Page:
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#1
I can play B Phrygian over the chords Bm, G, and Am, right?

...just making sure that I understand how to use the modes over chords is all
#2
Yeah that's right, all the notes of the chords fit into the mode.
#3
That progression resolves to G. Use G major.
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#4
Ehhhhh...kinda sorta. If you're convinced that the progression resolves to Bm, which it very well may depending on how you play it, then B Phrygian will be fine. My personal opinion is that your progression should be resolved to an Em chord, making the whole thing fit in the E Aeolian mode. However, if you want to consider the root B, that is your choice.

Edit: Archeo, I hear the Am ---> Em resolution better than Am ---> G. Is this progression a cadence (sp?) leading to G, or would Em be acceptable as well.
Last edited by bangoodcharlote at Feb 19, 2008,
#5
Quote by linfield44
I can play B Phrygian over the chords Bm, G, and Am, right?

...just making sure that I understand how to use the modes over chords is all


Maybe this might work better

Bm(b9) - Cm - Bm(b9) - Am


All three chords feature the minor second, which is what distinguishes it from a natural minor scale. Your best bet would still be just to vamp the Bm(b9) chord.
#6
Quote by isaac_bandits
Maybe this might work better

Bm(b9) - Cm - Bm(b9) - Am


All three chords feature the minor second, which is what distinguishes it from a natural minor scale. Your best bet would still be just to vamp the Bm(b9) chord.


Cm?
Someones knowledge of guitar companies spelling determines what amps you can own. Really smart people can own things like Framus because they sound like they might be spelled with a "y" but they aren't.
#7
yes, all of the chords have the notes of the B phrygian BC-D-E-F#G-A
Am A-BC-D-E-F#G-
G G-A-BC-D-E-F#

so yes, they are all modes of eachother
Out here you've gotta know where your towel is!
#8
Quote by ValoRhoads
yes, all of the chords have the notes of the B phrygian BC-D-E-F#G-A
Am A-BC-D-E-F#G-
G G-A-BC-D-E-F#

so yes, they are all modes of eachother


But they are not the same thing. G major is not B phrygian.
Someones knowledge of guitar companies spelling determines what amps you can own. Really smart people can own things like Framus because they sound like they might be spelled with a "y" but they aren't.
#9
Quote by Archeo Avis
Cm?
Agreed. C MAJOR could work, but Bm Cm is definately not a B Phrygian progression.


What Valo means is that, when you combine the notes in the chords, you get the B Phrygian scale, assuming you consider the root B.
#10
you're right it's not, it's a mode of it
Out here you've gotta know where your towel is!
#11
Quote by linfield44
I can play B Phrygian over the chords Bm, G, and Am, right?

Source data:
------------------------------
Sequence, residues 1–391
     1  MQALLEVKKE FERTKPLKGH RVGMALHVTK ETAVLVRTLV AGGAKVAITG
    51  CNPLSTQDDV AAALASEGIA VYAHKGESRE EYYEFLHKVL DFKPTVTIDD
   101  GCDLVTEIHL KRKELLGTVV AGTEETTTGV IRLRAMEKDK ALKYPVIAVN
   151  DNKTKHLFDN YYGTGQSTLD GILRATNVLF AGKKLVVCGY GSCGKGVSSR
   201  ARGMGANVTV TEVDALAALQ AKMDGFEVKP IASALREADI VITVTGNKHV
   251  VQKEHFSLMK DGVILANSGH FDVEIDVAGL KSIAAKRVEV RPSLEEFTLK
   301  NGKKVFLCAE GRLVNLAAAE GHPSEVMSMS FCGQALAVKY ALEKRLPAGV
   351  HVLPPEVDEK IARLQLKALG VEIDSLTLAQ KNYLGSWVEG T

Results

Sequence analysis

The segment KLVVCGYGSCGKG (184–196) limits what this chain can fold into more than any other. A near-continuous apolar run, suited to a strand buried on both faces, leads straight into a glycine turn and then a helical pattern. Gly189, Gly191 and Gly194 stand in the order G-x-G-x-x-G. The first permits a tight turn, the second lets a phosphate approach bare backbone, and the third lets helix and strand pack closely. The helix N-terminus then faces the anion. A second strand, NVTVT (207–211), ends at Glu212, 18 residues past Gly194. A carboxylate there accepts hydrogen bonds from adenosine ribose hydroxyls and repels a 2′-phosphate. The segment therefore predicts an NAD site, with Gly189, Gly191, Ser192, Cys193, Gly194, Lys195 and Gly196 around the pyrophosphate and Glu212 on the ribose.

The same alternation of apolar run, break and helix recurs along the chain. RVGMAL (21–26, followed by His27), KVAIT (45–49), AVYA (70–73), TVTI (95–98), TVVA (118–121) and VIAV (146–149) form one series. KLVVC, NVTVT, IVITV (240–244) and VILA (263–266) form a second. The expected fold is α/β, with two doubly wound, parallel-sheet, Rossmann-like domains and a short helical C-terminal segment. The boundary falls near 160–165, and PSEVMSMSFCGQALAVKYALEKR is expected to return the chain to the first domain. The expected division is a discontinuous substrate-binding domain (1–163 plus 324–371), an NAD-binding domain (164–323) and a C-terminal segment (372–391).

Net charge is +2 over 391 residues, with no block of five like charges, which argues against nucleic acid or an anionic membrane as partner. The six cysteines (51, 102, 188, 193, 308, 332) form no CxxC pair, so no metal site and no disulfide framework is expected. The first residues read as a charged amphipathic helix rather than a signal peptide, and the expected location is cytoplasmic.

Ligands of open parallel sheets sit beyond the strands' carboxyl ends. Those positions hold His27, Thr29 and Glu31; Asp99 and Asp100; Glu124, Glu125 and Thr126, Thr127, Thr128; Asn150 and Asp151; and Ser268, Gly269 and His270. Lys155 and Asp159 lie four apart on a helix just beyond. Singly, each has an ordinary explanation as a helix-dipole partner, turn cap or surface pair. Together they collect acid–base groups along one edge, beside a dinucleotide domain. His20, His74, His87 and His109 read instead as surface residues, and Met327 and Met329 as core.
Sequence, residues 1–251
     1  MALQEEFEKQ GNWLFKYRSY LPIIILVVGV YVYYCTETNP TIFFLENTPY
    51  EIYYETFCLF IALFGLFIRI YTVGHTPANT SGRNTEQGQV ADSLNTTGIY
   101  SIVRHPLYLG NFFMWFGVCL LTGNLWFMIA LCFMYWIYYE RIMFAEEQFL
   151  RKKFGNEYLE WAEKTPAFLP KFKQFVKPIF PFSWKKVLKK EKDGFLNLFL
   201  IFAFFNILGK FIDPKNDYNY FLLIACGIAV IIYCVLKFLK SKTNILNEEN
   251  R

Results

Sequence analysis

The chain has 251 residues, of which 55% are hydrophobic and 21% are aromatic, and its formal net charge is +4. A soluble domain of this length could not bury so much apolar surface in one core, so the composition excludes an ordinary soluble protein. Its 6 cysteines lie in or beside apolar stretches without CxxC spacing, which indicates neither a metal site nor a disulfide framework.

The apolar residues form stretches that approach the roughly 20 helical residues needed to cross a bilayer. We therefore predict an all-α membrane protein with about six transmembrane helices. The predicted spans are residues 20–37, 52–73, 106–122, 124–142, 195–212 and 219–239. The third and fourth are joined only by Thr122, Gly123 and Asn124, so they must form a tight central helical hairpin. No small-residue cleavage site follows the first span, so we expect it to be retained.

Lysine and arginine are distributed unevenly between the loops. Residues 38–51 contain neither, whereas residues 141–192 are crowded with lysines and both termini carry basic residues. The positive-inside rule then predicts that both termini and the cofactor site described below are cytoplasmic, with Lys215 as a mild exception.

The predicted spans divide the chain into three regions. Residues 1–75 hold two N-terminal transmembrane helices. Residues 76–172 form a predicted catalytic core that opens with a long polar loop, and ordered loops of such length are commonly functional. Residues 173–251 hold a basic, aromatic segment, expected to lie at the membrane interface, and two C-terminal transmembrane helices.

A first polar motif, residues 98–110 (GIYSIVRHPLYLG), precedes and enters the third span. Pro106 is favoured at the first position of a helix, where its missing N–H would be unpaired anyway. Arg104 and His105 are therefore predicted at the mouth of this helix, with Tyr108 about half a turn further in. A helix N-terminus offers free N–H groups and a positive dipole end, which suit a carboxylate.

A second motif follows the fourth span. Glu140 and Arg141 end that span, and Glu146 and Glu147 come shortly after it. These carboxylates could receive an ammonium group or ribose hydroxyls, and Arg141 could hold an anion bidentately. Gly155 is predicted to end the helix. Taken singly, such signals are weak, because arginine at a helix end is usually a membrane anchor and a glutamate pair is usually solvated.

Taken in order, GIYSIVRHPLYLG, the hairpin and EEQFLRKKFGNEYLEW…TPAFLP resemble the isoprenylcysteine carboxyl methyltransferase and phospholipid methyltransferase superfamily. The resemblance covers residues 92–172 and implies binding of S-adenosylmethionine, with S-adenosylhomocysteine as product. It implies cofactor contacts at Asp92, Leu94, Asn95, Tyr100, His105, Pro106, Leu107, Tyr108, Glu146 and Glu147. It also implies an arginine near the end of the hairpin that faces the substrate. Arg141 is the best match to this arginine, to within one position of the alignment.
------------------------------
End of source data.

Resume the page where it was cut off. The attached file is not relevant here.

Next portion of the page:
...just making sure that I understand how to use the modes over chords is all


In short, yes.
Out here you've gotta know where your towel is!
#12
Quote by ValoRhoads
In short, yes.


Don't double post.
And it's not B phrygian if the progression resolves to G.
Someones knowledge of guitar companies spelling determines what amps you can own. Really smart people can own things like Framus because they sound like they might be spelled with a "y" but they aren't.
#13
Pitch axis theory, you can change the mode on each chord provided they all still have the same notes, since he is starting on Bm and playing a phrygian, and moving to an Am, which has all of the same notes as the B phygian but in a different starting point, and moving to the G Maj which has all of the same notes but a different starting point, the pitch axis remains true as no matter which of these bass chords he still only has the same batch of notes to choose from no matter where he goes.
Out here you've gotta know where your towel is!
#14
Quote by Archeo Avis
Don't double post.
And it's not B phrygian if the progression resolves to G.



why does it resolve to G?
#15
Quote by ValoRhoads
Pitch axis theory, you can change the mode on each chord provided they all still have the same notes, since he is starting on Bm and playing a phrygian, and moving to an Am, which has all of the same notes as the B phygian but in a different starting point, and moving to the G Maj which has all of the same notes but a different starting point, the pitch axis remains true as no matter which of these bass chords he still only has the same batch of notes to choose from no matter where he goes.


No. That's not pitch axis, it's modulation to a relative mode, which only works if you're changing the tonal center. If the tonal center is G, you cannot play B phrygian. Pitch axis involves modulation between parallel modes over a static root (e.g. B phrygian - B aeolian - B major)
Someones knowledge of guitar companies spelling determines what amps you can own. Really smart people can own things like Framus because they sound like they might be spelled with a "y" but they aren't.
#16
Quote by linfield44
why does it resolve to G?